Wednesday, February 25, 2009

A real stand-up kid

There's definitely something of the entertainer in our son's blood; a desire to seize the attention of others, by fair means or foul.

This trait has become especially pronounced now that he is - at just over 10 months of age - able to push free of any support and stand unaided. Not for very long, mind you: He teeters on the brink of disaster from the get-go. And he can't even begin to take his first step: It's an entirely immobile affair.

Still, the little fella sure knows how to milk his moment to maximum effect. Before unveiling his new trick, he will typically unleash a yell or bark so the audiences can "roll up, roll up", as they said of carnival acts in old books. Then he dramatically frees himself of the wall or rail that he used to pull himself to a standing position. None of this half-crouching business: Sonny presents himself utterly erect, as though ready to march down a thoroughfare. His two arms are outstretched in the manner of high-wire artists. It's so choreographed you wouldn't be surprised if fireworks burst overhead.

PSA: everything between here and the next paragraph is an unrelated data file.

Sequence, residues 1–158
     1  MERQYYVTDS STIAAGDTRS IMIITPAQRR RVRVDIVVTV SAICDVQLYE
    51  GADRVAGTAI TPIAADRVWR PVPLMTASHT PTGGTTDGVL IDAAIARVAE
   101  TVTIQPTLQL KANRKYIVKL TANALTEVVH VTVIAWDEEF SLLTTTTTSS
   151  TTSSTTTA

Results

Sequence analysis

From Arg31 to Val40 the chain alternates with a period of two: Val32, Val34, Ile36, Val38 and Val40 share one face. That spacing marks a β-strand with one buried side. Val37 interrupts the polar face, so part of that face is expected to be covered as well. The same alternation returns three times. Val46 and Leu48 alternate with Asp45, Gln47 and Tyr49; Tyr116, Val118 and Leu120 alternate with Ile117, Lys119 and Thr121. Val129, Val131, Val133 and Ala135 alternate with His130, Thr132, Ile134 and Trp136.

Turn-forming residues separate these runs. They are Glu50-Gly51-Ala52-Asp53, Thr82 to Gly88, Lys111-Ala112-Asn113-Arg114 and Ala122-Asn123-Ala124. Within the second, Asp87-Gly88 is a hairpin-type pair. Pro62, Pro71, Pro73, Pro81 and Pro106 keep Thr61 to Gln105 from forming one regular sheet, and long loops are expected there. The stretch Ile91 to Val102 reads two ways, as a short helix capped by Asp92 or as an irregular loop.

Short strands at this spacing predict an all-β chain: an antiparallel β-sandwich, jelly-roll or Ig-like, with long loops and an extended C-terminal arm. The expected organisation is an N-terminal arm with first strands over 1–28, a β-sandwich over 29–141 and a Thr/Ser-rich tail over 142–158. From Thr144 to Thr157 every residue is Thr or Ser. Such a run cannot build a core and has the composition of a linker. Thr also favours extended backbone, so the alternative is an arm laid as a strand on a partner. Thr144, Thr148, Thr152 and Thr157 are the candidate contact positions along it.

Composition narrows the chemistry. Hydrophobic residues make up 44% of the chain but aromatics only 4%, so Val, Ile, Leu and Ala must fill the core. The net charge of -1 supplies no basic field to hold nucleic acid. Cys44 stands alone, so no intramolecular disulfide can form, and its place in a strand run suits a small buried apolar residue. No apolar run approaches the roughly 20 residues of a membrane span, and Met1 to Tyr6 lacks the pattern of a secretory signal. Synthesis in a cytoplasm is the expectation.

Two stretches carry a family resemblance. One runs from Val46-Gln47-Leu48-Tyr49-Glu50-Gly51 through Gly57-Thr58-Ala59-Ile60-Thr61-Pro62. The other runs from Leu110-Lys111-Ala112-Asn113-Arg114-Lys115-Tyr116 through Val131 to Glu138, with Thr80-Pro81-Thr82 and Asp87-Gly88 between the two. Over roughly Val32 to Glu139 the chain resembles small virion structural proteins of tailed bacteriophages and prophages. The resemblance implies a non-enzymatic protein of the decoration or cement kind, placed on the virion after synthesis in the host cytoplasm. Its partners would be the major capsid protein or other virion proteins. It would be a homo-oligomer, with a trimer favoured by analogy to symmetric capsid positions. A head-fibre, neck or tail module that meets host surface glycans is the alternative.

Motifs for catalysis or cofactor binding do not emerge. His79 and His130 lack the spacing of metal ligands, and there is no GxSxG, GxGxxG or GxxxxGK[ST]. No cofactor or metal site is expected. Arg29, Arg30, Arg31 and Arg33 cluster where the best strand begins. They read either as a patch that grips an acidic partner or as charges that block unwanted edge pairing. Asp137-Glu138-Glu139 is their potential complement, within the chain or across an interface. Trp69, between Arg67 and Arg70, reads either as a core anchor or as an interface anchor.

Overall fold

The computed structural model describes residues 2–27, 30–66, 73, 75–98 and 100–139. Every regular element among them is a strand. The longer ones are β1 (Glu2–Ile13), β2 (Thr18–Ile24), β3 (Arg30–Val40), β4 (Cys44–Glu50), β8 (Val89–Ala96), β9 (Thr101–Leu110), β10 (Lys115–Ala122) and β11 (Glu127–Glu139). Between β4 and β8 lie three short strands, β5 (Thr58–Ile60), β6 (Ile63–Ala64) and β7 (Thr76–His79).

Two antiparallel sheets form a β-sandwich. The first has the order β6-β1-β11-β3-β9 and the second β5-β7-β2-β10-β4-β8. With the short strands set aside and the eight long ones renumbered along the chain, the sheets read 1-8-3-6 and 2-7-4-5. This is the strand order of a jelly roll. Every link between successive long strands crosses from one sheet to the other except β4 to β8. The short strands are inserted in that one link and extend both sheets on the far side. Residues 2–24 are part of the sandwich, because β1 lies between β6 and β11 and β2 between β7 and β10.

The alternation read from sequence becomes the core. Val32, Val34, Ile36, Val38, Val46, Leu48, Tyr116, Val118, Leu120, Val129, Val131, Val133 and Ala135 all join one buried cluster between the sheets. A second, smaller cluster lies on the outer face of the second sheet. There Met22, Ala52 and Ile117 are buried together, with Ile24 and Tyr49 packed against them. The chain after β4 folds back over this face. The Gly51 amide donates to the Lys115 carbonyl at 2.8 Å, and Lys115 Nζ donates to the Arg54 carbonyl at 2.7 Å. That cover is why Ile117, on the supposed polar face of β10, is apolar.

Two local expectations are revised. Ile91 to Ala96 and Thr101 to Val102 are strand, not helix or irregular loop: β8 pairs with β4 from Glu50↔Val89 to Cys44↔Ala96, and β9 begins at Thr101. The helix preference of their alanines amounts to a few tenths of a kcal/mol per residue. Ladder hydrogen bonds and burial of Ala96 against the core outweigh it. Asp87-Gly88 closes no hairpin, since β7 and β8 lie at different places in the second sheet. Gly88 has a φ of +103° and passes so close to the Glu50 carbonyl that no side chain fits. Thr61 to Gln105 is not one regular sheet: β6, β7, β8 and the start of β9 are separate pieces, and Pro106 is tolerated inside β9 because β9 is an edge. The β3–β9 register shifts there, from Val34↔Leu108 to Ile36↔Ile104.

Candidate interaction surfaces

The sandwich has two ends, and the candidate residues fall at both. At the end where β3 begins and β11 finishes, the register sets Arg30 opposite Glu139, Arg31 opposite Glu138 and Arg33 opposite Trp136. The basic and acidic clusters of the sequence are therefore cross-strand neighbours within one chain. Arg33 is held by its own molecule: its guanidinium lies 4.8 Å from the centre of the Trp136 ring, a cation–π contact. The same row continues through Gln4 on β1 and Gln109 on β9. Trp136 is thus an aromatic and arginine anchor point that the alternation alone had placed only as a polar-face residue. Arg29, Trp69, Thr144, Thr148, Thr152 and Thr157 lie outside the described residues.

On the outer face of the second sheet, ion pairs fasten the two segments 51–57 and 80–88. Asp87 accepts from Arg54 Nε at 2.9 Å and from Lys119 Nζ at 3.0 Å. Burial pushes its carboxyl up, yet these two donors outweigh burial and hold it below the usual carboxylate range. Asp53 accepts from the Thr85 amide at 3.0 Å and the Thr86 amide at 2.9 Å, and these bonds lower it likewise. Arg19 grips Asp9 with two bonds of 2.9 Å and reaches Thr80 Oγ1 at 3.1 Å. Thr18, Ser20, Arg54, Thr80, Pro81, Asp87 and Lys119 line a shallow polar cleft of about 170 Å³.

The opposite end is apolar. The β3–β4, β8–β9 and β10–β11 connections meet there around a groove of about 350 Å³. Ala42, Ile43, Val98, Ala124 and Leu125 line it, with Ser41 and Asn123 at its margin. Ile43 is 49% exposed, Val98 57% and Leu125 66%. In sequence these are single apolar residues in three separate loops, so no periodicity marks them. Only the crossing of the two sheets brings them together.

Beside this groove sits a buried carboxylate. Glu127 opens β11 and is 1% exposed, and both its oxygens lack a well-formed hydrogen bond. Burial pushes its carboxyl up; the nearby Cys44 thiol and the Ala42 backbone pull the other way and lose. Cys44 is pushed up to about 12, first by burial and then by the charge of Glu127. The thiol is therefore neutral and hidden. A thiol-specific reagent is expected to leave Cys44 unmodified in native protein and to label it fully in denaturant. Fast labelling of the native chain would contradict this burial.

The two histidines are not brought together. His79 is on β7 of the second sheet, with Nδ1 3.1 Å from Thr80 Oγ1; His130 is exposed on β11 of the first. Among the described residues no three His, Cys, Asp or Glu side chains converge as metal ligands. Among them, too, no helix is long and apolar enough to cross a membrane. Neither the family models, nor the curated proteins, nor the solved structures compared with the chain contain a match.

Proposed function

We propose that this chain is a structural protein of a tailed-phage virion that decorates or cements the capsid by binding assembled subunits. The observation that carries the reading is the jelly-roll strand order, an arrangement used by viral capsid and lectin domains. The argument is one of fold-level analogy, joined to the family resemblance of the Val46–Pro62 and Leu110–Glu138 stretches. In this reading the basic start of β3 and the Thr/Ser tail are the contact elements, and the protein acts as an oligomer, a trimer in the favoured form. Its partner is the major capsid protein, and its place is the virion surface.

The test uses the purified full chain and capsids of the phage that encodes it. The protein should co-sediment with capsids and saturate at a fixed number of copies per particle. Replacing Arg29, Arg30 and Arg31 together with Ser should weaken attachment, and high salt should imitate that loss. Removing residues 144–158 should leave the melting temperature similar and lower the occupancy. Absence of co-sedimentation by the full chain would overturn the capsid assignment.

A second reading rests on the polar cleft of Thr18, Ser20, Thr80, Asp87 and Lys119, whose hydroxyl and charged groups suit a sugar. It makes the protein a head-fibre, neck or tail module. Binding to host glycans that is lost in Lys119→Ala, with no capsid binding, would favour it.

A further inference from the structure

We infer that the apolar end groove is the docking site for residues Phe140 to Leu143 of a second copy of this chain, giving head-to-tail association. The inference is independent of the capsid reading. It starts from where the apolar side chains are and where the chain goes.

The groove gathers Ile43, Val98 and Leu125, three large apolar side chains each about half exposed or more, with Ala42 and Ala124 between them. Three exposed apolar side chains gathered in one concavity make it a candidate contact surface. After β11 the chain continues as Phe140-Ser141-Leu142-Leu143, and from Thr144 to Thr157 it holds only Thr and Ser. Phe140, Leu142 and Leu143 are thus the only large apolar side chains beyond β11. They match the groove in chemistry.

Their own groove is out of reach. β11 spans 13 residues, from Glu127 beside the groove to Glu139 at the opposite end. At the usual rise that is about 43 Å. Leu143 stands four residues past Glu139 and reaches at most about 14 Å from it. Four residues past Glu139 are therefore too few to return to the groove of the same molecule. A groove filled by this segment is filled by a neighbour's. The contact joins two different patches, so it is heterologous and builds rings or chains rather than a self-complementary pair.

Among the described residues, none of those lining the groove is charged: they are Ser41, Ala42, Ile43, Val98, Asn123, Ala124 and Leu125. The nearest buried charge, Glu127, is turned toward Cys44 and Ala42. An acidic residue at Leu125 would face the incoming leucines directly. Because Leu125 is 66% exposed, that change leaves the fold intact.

After a few seconds, of course, the audience is treated to a baby toppling to the floor, which can be a bit of an anticlimax, though Sonny can sometimes manage to sit down suddenly instead (which is rather more dignified). At times, presumably pleased with the reception (though Mum and Pa are a little weary of the show and may clap with less than fulsome enthusiasm), the little fella will treat everyone to an encore performance. We are led to wonder where he learned his advanced showmanship. Could it be that the other babies at the infant care centre go about showboating, each trying to upstage the other in a frenzy of toddler-level entertainment?

Or is there something innate to being human that just loves attention, the spotlight and the huzzahs of others? After all, we are social beings, aren't we, and part of being social is delighting each other - whether with witty conversation, party tricks or tall tales. There's no need to import "power" analyses that see such displays as ways of stamping one's dominance, exhibiting one's superiority or cowing competitors. Showing off can be an innocent thing, in other words - at least, we certainly hope so, as we settle back for another of command performance of Sonny-Stands-Unaided.

(Showing now for a limited period only. Tickets by arrangement. Please contact Mum and Pa for reservations. Performer may choose to cancel without explanation given. Strictly no discounts.)